Is it safe to measure low current (<2 A) at high voltage (~2000-3000V)

Thread Starter

aaronshenhao

Joined Aug 11, 2017
2
I don't think it is, but I would just like to double check. My multimeter can measure up to 10 A, but the maximum voltage is 500 V. I will just be measuring only the current of an AC Transformer, which would be quite minute (~0.5 A). However, the voltage would be (~2000 V).

Would this not be possible due to the voltage rating on the multimeter (I'm only measuring current)? I would just like to be sure before purchasing a new multimeter.
 

profbuxton

Joined Feb 21, 2014
419
Not recommended! What are your meter leads rated at?. May be possible if one side of AC grounded(connected to earth) and meter in in series with lead connected to ground. But need to ensure that connection on meter cannot go o/c.
If you are gonna do this keep all leads clear and yourself away from any contact.
 

Thread Starter

aaronshenhao

Joined Aug 11, 2017
2
The leads themselves are rated higher than the meter (1000 V @ 20 A). The meter is rated (500 V or 10 A). The current I will be measuring will only be around 0.5 A, but I'm guessing it won't be possible since the voltage is too high for the meter (2000 V)?
 

Bernard

Joined Aug 7, 2008
5,743
Does meter have an AC Amps range ? If all connections can be made with power off with meter on
a suitable surface & hands off, re check connections and settings, apply power- record- shut off power.
High V rating of meter has nothing to do with current measurements as long as meter case,& leads are isolated from ground by appropriate V.
 

WBahn

Joined Mar 31, 2012
26,398
I don't think it is, but I would just like to double check. My multimeter can measure up to 10 A, but the maximum voltage is 500 V. I will just be measuring only the current of an AC Transformer, which would be quite minute (~0.5 A). However, the voltage would be (~2000 V).

Would this not be possible due to the voltage rating on the multimeter (I'm only measuring current)? I would just like to be sure before purchasing a new multimeter.
The nature of the questions you are asking leads me to suspect that you are not ready to attempt these kinds of measurements.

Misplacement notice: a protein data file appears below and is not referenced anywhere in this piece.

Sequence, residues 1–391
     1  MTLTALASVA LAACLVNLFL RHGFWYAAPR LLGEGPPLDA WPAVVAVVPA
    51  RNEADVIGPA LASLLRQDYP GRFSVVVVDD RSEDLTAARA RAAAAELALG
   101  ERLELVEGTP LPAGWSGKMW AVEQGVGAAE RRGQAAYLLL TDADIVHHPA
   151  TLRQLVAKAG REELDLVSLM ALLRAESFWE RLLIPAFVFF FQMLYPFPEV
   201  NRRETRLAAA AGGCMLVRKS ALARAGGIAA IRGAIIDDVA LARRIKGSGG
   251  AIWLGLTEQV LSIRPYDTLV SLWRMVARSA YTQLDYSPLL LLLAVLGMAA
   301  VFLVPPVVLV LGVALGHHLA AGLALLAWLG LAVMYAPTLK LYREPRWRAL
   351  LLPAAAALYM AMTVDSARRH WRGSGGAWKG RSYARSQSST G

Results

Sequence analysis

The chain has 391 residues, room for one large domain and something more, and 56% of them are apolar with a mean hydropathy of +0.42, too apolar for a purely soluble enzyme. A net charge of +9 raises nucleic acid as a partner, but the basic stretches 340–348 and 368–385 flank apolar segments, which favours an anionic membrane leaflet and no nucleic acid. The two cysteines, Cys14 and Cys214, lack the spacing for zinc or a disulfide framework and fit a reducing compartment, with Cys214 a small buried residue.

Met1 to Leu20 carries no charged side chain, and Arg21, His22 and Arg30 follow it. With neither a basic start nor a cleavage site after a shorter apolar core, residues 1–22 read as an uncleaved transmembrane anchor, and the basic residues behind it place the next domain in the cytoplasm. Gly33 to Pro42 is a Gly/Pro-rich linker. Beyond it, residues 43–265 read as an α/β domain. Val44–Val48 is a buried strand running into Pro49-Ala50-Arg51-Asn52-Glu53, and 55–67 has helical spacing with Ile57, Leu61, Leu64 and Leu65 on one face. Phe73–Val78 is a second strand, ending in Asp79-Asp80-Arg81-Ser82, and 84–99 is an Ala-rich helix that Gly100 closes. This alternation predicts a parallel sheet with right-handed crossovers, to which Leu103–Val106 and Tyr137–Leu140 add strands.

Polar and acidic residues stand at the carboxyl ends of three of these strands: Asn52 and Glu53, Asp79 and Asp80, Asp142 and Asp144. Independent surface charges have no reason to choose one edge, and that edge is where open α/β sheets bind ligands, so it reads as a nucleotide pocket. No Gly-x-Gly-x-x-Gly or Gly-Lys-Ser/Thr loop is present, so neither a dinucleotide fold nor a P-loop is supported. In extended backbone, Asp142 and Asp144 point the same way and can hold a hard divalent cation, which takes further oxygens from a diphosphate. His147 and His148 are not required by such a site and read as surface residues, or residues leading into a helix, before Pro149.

Keep in mind that currents as low as 0.01 A can cause painful and severe shock and the threshold for fatal currents can be less than 50 mA depending on the waveform used. So your "quite minute" currents are an order of magnitude greater than that need to end you.

Also, when measuring current, your meter better not have 2000 V applied to it. Do that and both you and your meter are likely to end.
 
I don't think it is, but I would just like to double check. My multimeter can measure up to 10 A, but the maximum voltage is 500 V. I will just be measuring only the current of an AC Transformer, which would be quite minute (~0.5 A). However, the voltage would be (~2000 V).
There are a LOT of unknowns in what you said and not enough to reccomend.

You mention AC current, so waveform and frequency and crest factor matter as well as the need for RMS current. Voltage burden maybe.
Isolation? Accuracy?

More important is can you measure it on the low or ground side?

I set up EBIC and beam current measurements on an SEM. Voltage was 15 kV and I could break the ground side. The currents were very low. Usually nA or pA. That was no issue. I had to pay attention to how much ground could be floated above ground of the instrument used.

I did work on a 15 kV 1.5 A power supply. It did have an analog current meter, but 'm not sure how they did it.

Connections need to be made with power off. Discharge procedure have to be followed. Sometimes keepers have to be used. The one hand in pocket rule.
 

DickCappels

Joined Aug 21, 2008
6,968
I have floated electromechanical current meters at 20 KV to 40 KV, both times mounted in plexiglas boxes to protect us from getting too close to them. If such precautions are taken with a DVM and the voltage and frequency are low enough so that corona and capacitive coupling to the environment are not issues (this relates to accuracy and reliability when using a DVM) then it should be fine to measure one or two KV with a DVM rated to measure lower voltages.

Just my opinion based upon experience.

I also remember floating a DVM set to measure voltage and floating it at 17 kV (more or less DC) to measure leakage currents, using the 10 Meg input resistance as a shunt. That time there were no plexiglas boxes in use, but consider that I was working in a lab in which everybody was working on cathode ray tube circuitry and understood high voltage safety issues.
 

ian field

Joined Oct 27, 2012
6,539
Don't try it. It will kill you.